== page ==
Laura Bliss is a staff writer at CityLab, covering transportation, infrastructure, and the environment. She also authors MapLab, a biweekly newsletter about maps that reveal and shape urban spaces (subscribe here). Her work has appeared in the New York Times, The Atlantic, Los Angeles, GOOD, L.A. Review of Books, and beyond.
Find the best times (and modes!) to get to dinner this record-breaking holiday weekend.
This Thanksgiving weekend is predicted to be the busiest on the road since 2005, a sign of a recovering economy and a reality drivers will have to grin and bear. Following its annual holiday tradition, Google has compiled a series of interactive maps and charts pointing travelers to the best and worst times to travel over the coming week. (This is yet another way the search giant acts like a public utility, for better or worse. Don’t forget to argue about net neutrality with your in-laws over the Thanksgiving dinner table!)
Unsurprising to anyone reading this slumped in passenger’s seats on highways across America, Wednesday evening is the most painful time to drive—especially in cities where traffic is generally mild. In a list of the 25 U.S. metros that draw the most Thanksgiving travelers, Cleveland, Ohio, turns out to have the highest spike in pre-holiday traffic—probably because on a normal day it’s generally one of the world’s less stressful cities in which to drive.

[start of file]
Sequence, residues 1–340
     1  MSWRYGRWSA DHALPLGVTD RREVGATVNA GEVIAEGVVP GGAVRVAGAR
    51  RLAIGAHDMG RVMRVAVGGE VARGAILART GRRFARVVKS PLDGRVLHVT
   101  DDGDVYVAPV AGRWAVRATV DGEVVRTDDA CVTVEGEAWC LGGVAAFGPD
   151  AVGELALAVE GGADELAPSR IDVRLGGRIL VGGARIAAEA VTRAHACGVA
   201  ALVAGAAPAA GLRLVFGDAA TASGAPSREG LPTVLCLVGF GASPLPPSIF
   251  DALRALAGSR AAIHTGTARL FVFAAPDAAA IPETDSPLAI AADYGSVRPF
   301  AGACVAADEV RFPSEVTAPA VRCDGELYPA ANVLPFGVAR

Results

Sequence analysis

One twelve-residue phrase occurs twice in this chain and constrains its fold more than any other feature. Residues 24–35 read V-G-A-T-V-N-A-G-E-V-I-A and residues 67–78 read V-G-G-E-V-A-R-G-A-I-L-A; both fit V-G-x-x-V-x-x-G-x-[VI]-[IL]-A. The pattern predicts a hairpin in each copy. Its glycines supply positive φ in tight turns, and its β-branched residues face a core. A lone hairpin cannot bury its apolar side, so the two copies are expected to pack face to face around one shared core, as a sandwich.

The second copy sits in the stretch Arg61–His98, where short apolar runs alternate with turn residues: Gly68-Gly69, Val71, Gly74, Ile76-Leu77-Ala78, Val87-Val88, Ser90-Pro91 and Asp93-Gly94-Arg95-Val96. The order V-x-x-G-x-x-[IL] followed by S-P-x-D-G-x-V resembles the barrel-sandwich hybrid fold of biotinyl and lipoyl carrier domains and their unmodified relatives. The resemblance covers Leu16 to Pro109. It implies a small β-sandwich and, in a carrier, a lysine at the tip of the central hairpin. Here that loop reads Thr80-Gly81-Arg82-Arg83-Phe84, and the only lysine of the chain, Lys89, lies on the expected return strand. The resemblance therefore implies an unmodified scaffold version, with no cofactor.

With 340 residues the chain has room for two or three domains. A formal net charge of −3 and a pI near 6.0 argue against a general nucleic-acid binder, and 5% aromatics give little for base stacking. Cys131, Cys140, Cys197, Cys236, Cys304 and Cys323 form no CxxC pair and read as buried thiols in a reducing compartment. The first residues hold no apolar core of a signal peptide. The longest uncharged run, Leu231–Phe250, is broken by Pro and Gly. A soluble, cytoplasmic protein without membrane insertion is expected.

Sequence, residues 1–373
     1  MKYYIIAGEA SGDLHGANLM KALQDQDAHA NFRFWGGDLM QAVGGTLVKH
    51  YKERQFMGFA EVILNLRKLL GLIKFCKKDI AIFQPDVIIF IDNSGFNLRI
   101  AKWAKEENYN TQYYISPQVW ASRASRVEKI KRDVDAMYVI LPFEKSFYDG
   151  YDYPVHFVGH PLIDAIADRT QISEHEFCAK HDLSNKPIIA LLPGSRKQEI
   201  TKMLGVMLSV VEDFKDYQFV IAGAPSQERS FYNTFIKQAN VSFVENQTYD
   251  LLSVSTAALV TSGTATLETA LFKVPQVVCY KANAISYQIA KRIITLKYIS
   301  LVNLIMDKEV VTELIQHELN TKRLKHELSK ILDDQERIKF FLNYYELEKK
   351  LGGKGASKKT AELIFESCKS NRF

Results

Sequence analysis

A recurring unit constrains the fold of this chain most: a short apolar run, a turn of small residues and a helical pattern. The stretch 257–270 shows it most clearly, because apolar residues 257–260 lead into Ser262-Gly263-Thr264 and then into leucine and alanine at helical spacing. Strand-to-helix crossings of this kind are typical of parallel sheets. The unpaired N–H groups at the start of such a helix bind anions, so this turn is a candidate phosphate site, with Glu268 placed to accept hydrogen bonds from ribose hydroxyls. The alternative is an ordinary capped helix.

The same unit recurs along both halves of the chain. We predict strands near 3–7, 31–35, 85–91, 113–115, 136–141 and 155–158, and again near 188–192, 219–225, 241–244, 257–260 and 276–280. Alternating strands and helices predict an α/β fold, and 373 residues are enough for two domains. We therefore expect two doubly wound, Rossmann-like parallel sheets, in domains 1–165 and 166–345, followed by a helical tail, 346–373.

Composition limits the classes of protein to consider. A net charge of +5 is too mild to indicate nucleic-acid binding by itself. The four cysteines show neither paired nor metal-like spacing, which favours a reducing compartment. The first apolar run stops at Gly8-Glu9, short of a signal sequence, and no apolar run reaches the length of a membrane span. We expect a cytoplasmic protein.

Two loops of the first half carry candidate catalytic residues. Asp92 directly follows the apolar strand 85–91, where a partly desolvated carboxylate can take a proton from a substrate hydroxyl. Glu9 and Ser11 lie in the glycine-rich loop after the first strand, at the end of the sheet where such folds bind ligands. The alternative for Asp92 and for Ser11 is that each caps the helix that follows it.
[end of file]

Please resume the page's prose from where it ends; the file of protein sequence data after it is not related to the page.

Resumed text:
Turkey-destined slogs through towns more generally besieged by traffic—Seattle, Dallas, and San Francisco, for example—will be still be arduous, yes, but not as shockingly so. Small comfort, I know.
Google’s data shows that the quietest time to travel to dinner is on the morning of. If you’re building an argument to not spend the extra night with relatives, consider this a useful datapoint. Likewise, on the departure end, Saturday is a safer bet than Sunday. (Pittsburgh stands out for having traffic spikes on both weekend days—an effect of its popular Saturday parade, perhaps?) Friday looks clear, but bear in mind that these orange bumps are compared to average days—Black Friday morning traffic is about as bad as any workday. Handily, Google has worked in an interactive feature that spits out optimized travel times for whichever city you're headed for.
Air travelers are not exempt from the holiday travel misery: They’re also in for some of the heaviest airport traffic in recent memory, with the post-holiday Sunday and pre-holiday Wednesday as the very worst. However, no major storms are on the horizon in North America, so you might get a smooth ride up there.
Stay safe, travelers, and if you’re still looking for your ideal ticket out of Dodge, consider these options, in order of CityLab approval:
- Take transit, or one of many intercity bus options, which are having a bit of a renaissance.
- Find someone to carpool with on Craigslist, or better yet, build the intercity carpool app the U.S. has been waiting for.
- Bike! It’s liberation from traffic, and an excuse to eat more pie.